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How to collect JavaScript performance data for Windows Metro apps on a device that does not have Visual Studio installed

[This documentation is for preview only, and is subject to change in later releases. Blank topics are included as placeholders.]

This topic describes how use the VSPerf.exe command-line tool to collect performance data for JavaScript code in a Media style app that is running on a device that does not have Visual Studio installed.

Note Note

Although it is possible to run VSPerf.exe over a Remote Desktop Connection, we do not recommend it. Executing an app in a remote connection can change the way app performs. For example, an app that can take advantage of hardware acceleration for graphics when the app is run locally must use software rendering when it is run over a remote connection.

Profiling with VSPerf.exe is useful when you want to test the performance on a variety of devices with different capabilities, such as processing speed, screen resolution, or abilities to process different kinds of input gestures.

With VSPerf.exe, you can profile an app that is started from the Start menu or by another process or procedure. You can focus your performance profiling on specific scenarios by pausing and resuming data collection. Once you have finished profiling, you copy a single file to your Visual Studio machine to analyze the data.

The following requirements are necessary to use VSPerf.exe on a remote device.

  • The app to be profiled must be deployed on the remote machine before you start profiling.

  • You must have administrator privileges on the remote device.

  • Visual Studio must be installed on a Windows 8 machine to analyze performance data collected from Metro style apps.

The remote profiling tool is installed with the Visual Studio Remote Tools, along with the remote debugging components.

You can run or download the Visual Studio Remote Tools setup program from the Microsoft download center. Setup programs are also available on the Visual Studio installation media in subfolders of the vs\Remote Debugger folder. Run the setup program that matches the operating system (x86, x64, ARM) on the remote device.

Note Note

Profiling is not supported on ARM devices in Visual Studio 11 Beta.

Operating system

Microsoft download center

Visual Studio Media vs\Remote Debugger

x86

rdbgsetup_x86.exe

x86\rdbgsetup_x86.exe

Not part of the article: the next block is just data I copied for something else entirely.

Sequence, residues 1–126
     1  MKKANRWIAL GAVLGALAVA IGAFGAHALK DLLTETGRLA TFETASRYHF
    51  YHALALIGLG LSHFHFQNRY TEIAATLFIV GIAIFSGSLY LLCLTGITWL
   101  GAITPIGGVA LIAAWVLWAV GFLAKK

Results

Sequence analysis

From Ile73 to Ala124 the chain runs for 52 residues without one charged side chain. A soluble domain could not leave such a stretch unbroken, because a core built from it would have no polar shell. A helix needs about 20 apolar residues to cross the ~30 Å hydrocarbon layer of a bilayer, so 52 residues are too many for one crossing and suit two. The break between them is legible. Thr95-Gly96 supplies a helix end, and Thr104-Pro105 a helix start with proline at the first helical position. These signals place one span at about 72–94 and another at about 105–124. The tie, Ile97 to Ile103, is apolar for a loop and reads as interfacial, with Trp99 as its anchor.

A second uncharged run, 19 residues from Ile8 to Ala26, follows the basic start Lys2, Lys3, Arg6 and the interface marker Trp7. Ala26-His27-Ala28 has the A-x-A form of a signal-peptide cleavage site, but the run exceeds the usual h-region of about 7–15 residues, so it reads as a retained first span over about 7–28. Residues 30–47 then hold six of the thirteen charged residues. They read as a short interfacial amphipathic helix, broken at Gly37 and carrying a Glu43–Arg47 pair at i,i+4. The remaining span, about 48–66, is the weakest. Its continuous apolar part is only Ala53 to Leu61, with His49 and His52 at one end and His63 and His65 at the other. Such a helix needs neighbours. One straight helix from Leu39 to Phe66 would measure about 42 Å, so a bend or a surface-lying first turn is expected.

x64

rdbgsetup_x64.exe

x64\rdbgsetup_x64.exe

ARM

rdbgsetup_arm.exe

arm\rdbgsetup_arm.exe

On the setup dialog, accept the user agreement, and then click Install.

The remote profiling components are installed on the remote device in the C:\Program Files\Microsoft Visual Studio 11.0\Team Tools\Performance Tools folder on x86 devices. On x64 devices they are installed in the C:\Program Files (x86)\Microsoft Visual Studio 11.0\Team Tools\Performance Tools folder.

Your app must be deployed on the remote machine before you run VSPerf.exe. You can profile an app that was installed from the Windows Store or an app that was deployed by Visual Studio. If you have debugged your app on the device, the app is already deployed. For more information, see Deploying Windows Metro style apps from Visual Studio.

Open a command window

  1. Open a command window in administrator mode.

    1. On the Start menu, type command.

    2. From the Apps list, select Command Prompt.

    3. Right-click and choose Run as administrator.

  2. Add the VSPerf.exe installation folder to the PATH environment variable:

    • On x86 devices, type:

      set PATH=%PATH%;C:\Program Files\Microsoft Visual Studio 11.0\Team Tools\Performance Tools
      
    • On x64 devices, type

      set PATH=%PATH%;C:\Program Files (x86)\Microsoft Visual Studio 11.0\Team Tools\Performance Tools
      

Find the app ids

You specify the app that you want to profile by using the VSPerf /app or /package options. You can use the /listapps option to display the exact names and package ids of all the apps on your device.

  1. At the command prompt, type:

    vsperf /listapps

  2. Find your app in the displayed list.

    Application:     BouncingSquares
    Package:     54fb8cc2-1f58-4fe5-adb1-a246dd54ffa6_1.0.0.0_neutral__fsyyfg9a7tqy4
    
    • Use the Application: name as the argument for the /app option. For example:

      vsperf /app:BouncingSquares

    • Use the Package: id as the argument for the /package option. For example:

      vsperf /package:54fb8cc2-1f58-4fe5-adb1-a246dd54ffa6_1.0.0.0_neutral__fsyyfg9a7tqy4

Profile the app